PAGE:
Simplicity & Comfort
[from June 2004 issue]

Every time Carole Greenwood reinvents herself and her menu--and Buck’s is her fourth incarnation--she hones her skills, creating even better food and a snappier ambiance. Putting the name aside--Buck’s Fishing & Camping doesn’t say much about what goes on here--the menu is a minimalist tribute to Greenwood’s evident skills, leaning heavily on her use of the seasonal and market-fresh ingredients for which she is noted. And, as our waitress recites the cook’s philosophy, we learn that her cooking has a hint of homey southern comfort food about it.

The food also, as you read this new menu, exudes an air of deliberate simplicity and comfort appeal that is as welcome as a bowl of macaroni and cheese. And unlike her earlier efforts, prices are modest so that a Greenwood meal doesn’t destroy the week’s budget.

So what’s on the menu? It’s short and sweet, almost too much so, but it touches on some basics. To start: fresh mozzarella accompanies roasted veggies, or devilled eggs, Amish-style, grace bread and butter pickles. And yes, Greenwood catches the iceberg lettuce wave with a stylish lettuce wedge “frosted” with a blue cheese sauce and garnished with dill sprigs and bits of thick, crisp-cooked bacon. The portion is big enough to share, though our waitress had notified us that Greenwood had pared down serving sizes to just this side of dainty. Not really so.

Evidently the menu changes often, if not daily, so you may not get a crack at her soft shell crabs--mysteriously denoted by the word “Virginia,” which may have referred to their origins or to the person who cooked them; all very unclear. Of course, right now is crab season and, apparently, crabbing is great this year, which bodes well for all who love these delicacies. In Greenwood’s kitchen, the crabs receive special treatment with a unique, slightly tart and very light batter that turns the crabs ultra-crispy during frying. Along with the tartar sauce and creamy coleslaw, the crab duet makes for spectacular eating, and you may not wish to share even a mouthful.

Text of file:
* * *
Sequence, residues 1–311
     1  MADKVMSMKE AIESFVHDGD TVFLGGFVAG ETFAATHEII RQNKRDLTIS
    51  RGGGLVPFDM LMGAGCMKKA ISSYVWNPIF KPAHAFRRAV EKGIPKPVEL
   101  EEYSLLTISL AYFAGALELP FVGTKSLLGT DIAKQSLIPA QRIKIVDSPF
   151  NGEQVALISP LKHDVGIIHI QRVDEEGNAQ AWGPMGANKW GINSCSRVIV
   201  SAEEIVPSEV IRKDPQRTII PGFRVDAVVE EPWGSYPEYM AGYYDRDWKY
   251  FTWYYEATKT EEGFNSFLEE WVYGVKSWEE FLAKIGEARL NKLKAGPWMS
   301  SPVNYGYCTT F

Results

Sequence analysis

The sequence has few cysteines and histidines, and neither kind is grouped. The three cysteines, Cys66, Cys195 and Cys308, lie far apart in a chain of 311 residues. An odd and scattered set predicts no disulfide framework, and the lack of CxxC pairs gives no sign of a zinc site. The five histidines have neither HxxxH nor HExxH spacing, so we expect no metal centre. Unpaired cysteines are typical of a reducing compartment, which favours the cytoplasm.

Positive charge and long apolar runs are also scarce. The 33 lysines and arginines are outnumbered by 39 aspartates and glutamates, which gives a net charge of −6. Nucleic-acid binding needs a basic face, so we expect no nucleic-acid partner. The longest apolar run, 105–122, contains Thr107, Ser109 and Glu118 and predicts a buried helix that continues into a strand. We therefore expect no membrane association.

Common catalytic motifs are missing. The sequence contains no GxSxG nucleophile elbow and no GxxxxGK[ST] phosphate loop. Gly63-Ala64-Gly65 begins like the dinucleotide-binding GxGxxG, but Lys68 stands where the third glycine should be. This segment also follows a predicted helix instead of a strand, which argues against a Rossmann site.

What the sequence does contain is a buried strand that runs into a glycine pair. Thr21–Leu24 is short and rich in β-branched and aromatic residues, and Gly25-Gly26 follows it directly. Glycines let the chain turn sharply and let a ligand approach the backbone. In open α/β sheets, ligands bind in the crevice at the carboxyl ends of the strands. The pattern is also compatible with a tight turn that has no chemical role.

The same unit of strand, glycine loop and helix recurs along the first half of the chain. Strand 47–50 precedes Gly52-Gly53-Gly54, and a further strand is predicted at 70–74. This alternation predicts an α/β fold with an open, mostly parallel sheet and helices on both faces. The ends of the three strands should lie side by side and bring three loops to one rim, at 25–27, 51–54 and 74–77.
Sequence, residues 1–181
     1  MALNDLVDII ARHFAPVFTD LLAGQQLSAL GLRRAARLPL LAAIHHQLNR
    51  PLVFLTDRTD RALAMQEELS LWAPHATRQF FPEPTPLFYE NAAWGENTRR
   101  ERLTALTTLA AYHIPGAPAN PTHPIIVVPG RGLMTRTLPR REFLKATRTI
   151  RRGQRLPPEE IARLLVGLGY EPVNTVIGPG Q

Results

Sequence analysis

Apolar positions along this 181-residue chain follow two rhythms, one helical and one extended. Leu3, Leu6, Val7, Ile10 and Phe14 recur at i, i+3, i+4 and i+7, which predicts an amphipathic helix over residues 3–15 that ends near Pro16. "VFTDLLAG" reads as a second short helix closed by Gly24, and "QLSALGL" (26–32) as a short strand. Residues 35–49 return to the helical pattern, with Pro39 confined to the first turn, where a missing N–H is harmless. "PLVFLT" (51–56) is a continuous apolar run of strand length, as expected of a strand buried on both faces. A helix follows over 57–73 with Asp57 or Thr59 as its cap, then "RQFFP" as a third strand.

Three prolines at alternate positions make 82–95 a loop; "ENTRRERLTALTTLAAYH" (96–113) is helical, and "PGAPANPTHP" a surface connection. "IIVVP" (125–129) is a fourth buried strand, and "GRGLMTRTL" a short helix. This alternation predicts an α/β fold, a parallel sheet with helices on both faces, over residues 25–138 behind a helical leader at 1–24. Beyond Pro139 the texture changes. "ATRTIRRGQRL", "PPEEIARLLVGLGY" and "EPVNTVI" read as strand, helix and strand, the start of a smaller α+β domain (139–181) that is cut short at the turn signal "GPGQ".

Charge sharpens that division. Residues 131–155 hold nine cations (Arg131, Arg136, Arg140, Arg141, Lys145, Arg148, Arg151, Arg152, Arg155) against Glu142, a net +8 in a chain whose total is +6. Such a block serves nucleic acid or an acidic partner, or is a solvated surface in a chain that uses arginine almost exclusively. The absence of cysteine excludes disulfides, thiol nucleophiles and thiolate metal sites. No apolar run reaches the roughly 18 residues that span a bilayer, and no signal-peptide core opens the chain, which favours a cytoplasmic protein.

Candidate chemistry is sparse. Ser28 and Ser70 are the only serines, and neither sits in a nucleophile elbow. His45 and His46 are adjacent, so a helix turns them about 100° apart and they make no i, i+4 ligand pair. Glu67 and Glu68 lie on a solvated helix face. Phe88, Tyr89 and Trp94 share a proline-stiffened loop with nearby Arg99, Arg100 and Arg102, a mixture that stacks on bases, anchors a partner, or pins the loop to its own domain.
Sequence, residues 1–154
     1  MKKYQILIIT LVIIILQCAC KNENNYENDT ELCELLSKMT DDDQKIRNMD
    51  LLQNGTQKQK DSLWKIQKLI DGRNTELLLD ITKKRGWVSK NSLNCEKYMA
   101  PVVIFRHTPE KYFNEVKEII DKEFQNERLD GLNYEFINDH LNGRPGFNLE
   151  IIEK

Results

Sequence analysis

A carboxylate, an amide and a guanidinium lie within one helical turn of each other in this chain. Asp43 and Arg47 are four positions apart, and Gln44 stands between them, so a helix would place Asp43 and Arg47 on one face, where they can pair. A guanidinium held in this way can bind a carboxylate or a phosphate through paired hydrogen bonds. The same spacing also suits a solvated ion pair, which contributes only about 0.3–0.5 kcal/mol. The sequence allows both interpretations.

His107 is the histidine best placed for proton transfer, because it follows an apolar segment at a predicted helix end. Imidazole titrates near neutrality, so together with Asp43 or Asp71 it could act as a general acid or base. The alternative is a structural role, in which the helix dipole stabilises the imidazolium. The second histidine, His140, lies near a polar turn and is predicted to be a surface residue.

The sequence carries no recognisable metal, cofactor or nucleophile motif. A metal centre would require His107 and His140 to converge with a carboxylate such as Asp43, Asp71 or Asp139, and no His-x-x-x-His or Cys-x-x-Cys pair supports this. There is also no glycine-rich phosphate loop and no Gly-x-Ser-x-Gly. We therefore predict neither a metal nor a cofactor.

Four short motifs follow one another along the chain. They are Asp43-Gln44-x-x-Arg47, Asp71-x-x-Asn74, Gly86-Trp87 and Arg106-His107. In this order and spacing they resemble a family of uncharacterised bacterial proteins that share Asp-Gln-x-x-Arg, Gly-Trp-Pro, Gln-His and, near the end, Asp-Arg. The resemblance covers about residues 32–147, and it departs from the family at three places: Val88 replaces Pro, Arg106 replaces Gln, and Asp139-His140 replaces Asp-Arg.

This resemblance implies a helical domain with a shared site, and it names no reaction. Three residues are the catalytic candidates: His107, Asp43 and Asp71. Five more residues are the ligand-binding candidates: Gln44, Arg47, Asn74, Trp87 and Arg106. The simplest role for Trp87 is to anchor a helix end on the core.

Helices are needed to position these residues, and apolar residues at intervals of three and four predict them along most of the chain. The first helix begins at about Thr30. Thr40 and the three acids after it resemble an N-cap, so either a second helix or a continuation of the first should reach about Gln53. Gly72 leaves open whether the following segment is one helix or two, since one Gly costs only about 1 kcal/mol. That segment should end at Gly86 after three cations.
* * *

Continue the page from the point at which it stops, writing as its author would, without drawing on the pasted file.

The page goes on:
On the other hand, the pounded-flat pork chop with its light and crunchy breading hides coyly beneath slightly wilted spinach, and beckons the unwary who think that pork is just pork. Not so. It’s like weiner schnitzel, my friend crowed, delighted with the unusual crisp-tender chop. After all, pork chops are generally served as thick wedges of bone-in-meat, and to render them flat makes for an amusing change of pace. Besides, the spinach salad that envelopes that pork chop contains mint and English peas, an unexpected pairing for pork. It may be deliberate on her part, fearing that folks won’t have much room left for dessert. But Greenwood selects only three sweets for her final salvo, and of these, one may very well be an iced dessert, either a sorbet or an ice cream. If you spot them, order the following: the Texas-style chocolate sheath [sic] cake is served warmed with a gooey chocolate frosting. Wouldn’t you like to be in the kitchen licking that frosting bowl clean? My dessert-phobic friend polished this off. Reaching back for nostalgic treats, Greenwood also devises a killer ice cream sandwich constructed from fat, chunky chocolate cookies pressed together over a creamy ice cream that oozes out with each bite. Something like this may seem so trivial that it’s not worth including on a menu, but Greenwood reminds us that sometimes simplicity works best.

As for the décor: Well, she does get the fishing/camping theme going with the polished woods, the flour sacks lining the bench seats up front, the canoe hanging overhead and the burgundy-burnt orange walls might make you think of an Adirondacks camp. Or maybe not.

You will certainly get the sense that Greenwood has gone casual in a big way. And the best news is that soon, very soon, the restaurant will be open Monday nights as well. That means that in the game of menu roulette, when chefs change offerings on a regular basis, you get a second chance to savor those crabs. Or that chocolate cake. Before they are gone but not forgotten.

Buck's Fishing & Camping, 5031 Conn. Ave.; tel., 364-0777. Open for dinner: Tue.-Thu., 5-10pm; Fri. & Sat., to 10:30pm.; Sun., to 9pm. Entrée prices: $15-$32. Visa & MasterCard accepted. Best bet: reconfirm the hours before going.

*Alexandra Greeley is a food writer, editor and restaurant reviewer. She has authored books on Asian and Mexican cuisines published by Simon & Schuster, Doubleday, and Macmillan. Other credits include food editor of Vegetarian Times, restaurant reviews and food articles for national and regional publications, as well as former food editor/writer for the South China Morning Post in Hong Kong.

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